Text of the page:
"Our work can help researchers better understand the sequence of events that took place within the first few million years of the Solar system formation, such as the accretion and melting of planetary bodies," Bouvier said. "All these processes happened extremely rapidly, and only by reaching such a precision on isotopic measurements and chronology can we find out about these processes of planetary formation."


Story Source:

The above story is based on materials provided by Arizona State University. Note: Materials may be edited for content and length.


Journal Reference:

  1. Audrey Bouvier, Meenakshi Wadhwa. The age of the Solar System redefined by the oldest Pb–Pb age of a meteoritic inclusion. Nature Geoscience, 2010; DOI: 10.1038/ngeo941

Cite This Page:

Arizona State University. "Solar System may be 2 million years older than we thought, meteorite analysis suggests." ScienceDaily. ScienceDaily, 25 August 2010. <www.sciencedaily.com/releases/2010/08/100825112300.htm>.
Arizona State University. (2010, August 25). Solar System may be 2 million years older than we thought, meteorite analysis suggests. ScienceDaily. Retrieved April 23, 2014 from www.sciencedaily.com/releases/2010/08/100825112300.htm
Arizona State University. "Solar System may be 2 million years older than we thought, meteorite analysis suggests." ScienceDaily. www.sciencedaily.com/releases/2010/08/100825112300.htm (accessed April 23, 2014).

Share This



More Space & Time News

Wednesday, April 23, 2014

Featured Research

from universities, journals, and other organizations


Featured Videos

from AP, Reuters, AFP, and other news services

Nuclear-Level Asteroids Might Be More Common Than We Realize

Nuclear-Level Asteroids Might Be More Common Than We Realize

Newsy (Apr. 23, 2014) The B612 Foundation says asteroids strike Earth much more often than previously thought, and are hoping to build an early warning system. Video provided by Newsy
Powered by NewsLook.com
NASA Chief Outlines Plan for Human Mission to Mars

NASA Chief Outlines Plan for Human Mission to Mars

AFP (Apr. 22, 2014) NASA administrator Charles Bolden, speaking at the 'Human to Mars Summit' in Washington, says that learning more about the Red Planet can help answer the 'fundamental question' of 'life beyond Earth'. Duration: 00:48 Video provided by AFP
Powered by NewsLook.com
Nasa Gives You An Excuse to Post a Selfie on Earth Day

Nasa Gives You An Excuse to Post a Selfie on Earth Day

TheStreet (Apr. 22, 2014) NASA is inviting all social media users to take a selfie of themselves alongside nature and to post it to Twitter, Facebook, Flickr, Instagram, or Google Plus with the hashtag #globalselfie. NASA's goal is to crowd-source a collection of snapshots of the earth, ground-up, that will be used to create one "unique mosaic of the Blue Marble." This image will be available to all in May. Since this is probably one of the few times posting a selfie to Twitter won't be embarrassing, we suggest you give it a go for a good cause. Video provided by TheStreet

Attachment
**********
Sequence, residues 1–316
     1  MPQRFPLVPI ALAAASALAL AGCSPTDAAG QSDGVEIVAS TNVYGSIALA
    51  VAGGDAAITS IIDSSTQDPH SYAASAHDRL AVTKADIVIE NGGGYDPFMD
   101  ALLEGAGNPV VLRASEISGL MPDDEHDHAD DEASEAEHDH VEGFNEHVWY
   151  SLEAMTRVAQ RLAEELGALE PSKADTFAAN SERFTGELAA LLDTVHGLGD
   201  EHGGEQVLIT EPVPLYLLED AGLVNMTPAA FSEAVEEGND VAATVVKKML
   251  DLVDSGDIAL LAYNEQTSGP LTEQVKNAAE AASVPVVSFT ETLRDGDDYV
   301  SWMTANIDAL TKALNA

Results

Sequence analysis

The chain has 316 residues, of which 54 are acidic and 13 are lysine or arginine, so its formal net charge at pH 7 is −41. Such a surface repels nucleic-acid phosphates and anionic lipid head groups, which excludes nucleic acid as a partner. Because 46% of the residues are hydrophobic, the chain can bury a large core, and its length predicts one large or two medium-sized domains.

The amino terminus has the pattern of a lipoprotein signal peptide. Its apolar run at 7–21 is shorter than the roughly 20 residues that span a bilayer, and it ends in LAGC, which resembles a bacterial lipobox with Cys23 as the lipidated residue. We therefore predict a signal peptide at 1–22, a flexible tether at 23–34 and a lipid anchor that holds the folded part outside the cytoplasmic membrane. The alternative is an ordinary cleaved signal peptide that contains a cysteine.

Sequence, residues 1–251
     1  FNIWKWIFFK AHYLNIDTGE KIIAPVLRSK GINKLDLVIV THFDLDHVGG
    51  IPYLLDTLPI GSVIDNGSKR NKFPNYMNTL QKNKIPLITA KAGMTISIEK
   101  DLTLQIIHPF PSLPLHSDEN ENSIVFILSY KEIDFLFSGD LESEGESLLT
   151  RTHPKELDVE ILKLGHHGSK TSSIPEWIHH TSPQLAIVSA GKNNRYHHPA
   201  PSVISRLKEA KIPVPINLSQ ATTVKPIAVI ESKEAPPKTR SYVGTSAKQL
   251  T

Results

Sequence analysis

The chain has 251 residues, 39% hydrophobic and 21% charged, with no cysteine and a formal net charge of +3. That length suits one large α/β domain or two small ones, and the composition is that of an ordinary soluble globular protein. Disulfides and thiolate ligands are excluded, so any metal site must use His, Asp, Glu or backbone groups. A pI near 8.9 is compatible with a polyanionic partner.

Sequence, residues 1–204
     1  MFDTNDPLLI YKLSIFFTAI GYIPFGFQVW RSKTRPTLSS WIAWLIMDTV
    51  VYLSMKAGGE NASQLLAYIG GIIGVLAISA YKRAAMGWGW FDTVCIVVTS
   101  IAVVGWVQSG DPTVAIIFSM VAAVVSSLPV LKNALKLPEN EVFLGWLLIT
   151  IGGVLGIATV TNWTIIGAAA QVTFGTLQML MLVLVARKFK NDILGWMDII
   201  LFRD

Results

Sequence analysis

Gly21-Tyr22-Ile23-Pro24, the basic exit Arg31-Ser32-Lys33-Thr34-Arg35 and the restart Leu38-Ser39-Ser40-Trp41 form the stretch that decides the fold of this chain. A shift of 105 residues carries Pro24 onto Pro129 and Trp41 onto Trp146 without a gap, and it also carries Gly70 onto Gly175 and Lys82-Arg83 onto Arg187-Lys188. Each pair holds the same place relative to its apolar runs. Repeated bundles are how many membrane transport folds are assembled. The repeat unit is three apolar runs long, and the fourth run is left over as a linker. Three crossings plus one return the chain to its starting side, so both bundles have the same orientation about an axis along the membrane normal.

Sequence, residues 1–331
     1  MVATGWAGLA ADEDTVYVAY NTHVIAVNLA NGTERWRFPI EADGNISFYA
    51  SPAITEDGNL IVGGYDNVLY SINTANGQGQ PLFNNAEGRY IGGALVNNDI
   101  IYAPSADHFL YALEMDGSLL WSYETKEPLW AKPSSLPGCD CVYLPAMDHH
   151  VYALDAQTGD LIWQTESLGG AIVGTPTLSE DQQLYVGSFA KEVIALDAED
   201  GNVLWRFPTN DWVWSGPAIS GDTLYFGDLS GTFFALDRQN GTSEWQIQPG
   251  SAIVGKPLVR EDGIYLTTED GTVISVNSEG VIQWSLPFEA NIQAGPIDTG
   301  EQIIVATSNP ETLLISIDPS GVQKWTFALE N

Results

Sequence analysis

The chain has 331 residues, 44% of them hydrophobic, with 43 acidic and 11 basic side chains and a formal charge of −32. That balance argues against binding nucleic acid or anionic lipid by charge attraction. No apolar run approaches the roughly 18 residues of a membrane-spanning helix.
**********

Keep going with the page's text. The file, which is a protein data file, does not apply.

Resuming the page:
Powered by NewsLook.com
SpaceX's Dragon Spacecraft Captured by International Space Station

SpaceX's Dragon Spacecraft Captured by International Space Station

Reuters - US Online Video (Apr. 20, 2014) SpaceX's unmanned Dragon spacecraft makes a scheduled Easter Sunday rendezvous with the International Space Station. Rough Cut (no reporter narration). Video provided by Reuters
Powered by NewsLook.com

Search ScienceDaily

Number of stories in archives: 140,361

Find with keyword(s):
Enter a keyword or phrase to search ScienceDaily for related topics and research stories.

Save/Print:
Share:

Breaking News:
from the past week

In Other News

... from NewsDaily.com

Science News

Health News

Environment News

Technology News



    Save/Print:
    Share:

    Free Subscriptions


    Get the latest science news with ScienceDaily's free email newsletters, updated daily and weekly. Or view hourly updated newsfeeds in your RSS reader:

    Get Social & Mobile


    Keep up to date with the latest news from ScienceDaily via social networks and mobile apps:

    Have Feedback?


    Tell us what you think of ScienceDaily -- we welcome both positive and negative comments. Have any problems using the site? Questions?
    Mobile: iPhone Android Web
    Follow: Facebook Twitter Google+
    Subscribe: RSS Feeds Email Newsletters
    Latest Headlines Health & Medicine Mind & Brain Space & Time Matter & Energy Computers & Math Plants & Animals Earth & Climate Fossils & Ruins